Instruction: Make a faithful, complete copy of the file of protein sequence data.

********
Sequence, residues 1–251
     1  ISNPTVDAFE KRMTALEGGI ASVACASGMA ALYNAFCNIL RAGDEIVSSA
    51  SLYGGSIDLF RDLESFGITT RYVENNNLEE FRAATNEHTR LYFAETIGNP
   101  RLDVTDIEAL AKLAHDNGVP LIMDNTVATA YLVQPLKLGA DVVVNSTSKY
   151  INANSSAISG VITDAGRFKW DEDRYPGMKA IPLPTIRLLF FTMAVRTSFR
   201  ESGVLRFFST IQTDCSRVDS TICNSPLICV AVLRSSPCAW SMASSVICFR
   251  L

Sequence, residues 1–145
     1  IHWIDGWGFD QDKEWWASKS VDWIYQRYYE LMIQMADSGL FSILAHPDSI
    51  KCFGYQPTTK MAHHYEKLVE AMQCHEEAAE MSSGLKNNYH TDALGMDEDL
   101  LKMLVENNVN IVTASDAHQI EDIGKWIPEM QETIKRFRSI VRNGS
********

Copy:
Sequence, residues 1–251
     1  ISNPTVDAFE KRMTALEGGI ASVACASGMA ALYNAFCNIL RAGDEIVSSA
    51  SLYGGSIDLF RDLESFGITT RYVENNNLEE FRAATNEHTR LYFAETIGNP
   101  RLDVTDIEAL AKLAHDNGVP LIMDNTVATA YLVQPLKLGA DVVVNSTSKY
   151  INANSSAISG VITDAGRFKW DEDRYPGMKA IPLPTIRLLF FTMAVRTSFR
   201  ESGVLRFFST IQTDCSRVDS TICNSPLICV AVLRSSPCAW SMASSVICFR
   251  L

Sequence, residues 1–145
     1  IHWIDGWGFD QDKEWWASKS VDWIYQRYYE LMIQMADSGL FSILAHPDSI
    51  KCFGYQPTTK MAHHYEKLVE AMQCHEEAAE MSSGLKNNYH TDALGMDEDL
   101  LKMLVENNVN IVTASDAHQI EDIGKWIPEM QETIKRFRSI VRNGS